Open your terminal and type:
when the install is finished, edit
/etc/lsb_release file with the traditional version of Arch Linux:
back in your terminal and type (for update new configuration):
sudo eggs dad -d
Then we are ready to create our first iso. You can create your live to distribute it. You can choose between 3 modes:
eggs produce this is the default: all private data are removed on the live.
eggs produce --clone include all users data UNCRYPTED directly on the live.
eggs produce --cryptedclone include all users data CRYPTED on a LUKS volume inside the iso.
NOTE: At the moment
eggs uses the default fast compression, which provides a faster compression speed, for the final compression it is worth using the
--max flag to get more compressed ISOs.
When the process is finished. You will get this message:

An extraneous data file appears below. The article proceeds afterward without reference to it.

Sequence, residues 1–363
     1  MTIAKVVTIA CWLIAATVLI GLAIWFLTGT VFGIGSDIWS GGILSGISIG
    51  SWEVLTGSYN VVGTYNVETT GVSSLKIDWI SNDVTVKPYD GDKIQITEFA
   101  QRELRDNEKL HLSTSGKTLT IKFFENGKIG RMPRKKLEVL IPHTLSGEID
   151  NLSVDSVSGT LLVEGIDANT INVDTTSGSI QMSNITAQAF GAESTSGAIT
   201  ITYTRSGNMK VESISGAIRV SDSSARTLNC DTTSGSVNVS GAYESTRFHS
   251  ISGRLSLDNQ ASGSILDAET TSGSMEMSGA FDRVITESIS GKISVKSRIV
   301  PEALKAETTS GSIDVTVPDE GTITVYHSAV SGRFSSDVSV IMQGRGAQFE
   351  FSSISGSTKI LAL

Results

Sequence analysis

You can find your iso file in:
You can check your iso file in VM or USB stick.
If you want to install it, you can use “krill installer”. Open terminal and type:
sudo eggs install
Krill uses a CLI interface that mimics calamares and uses the same configuration files created by eggs for calamares. This provides a “roughly similar” installation experience for both desktop and server installations. With krill it is also possible to have unattended installations, simply by adding the
NOTE: “krill” force to use the entire disk. There is no choice to install the os in defferents partitions (example
sda3) for dual boot.
If you want to use Calamares to install your iso live, you will get an error loading modules “plymouthcfg@plymouthcfg” (probably caused by original configuration files of Calamares).
You can fix this problem to replace it with this current version by AUR.
2 aur/calamares 3.2.61-1 (+1 0.28)
Open terminal and type:
After that we need now to reconfigure eggs:
sudo eggs dad –d
Then we are ready to re-create the iso:
sudo eggs produce (or other mode that you prefer)
TESTED with penguins-eggs 9.4.7-2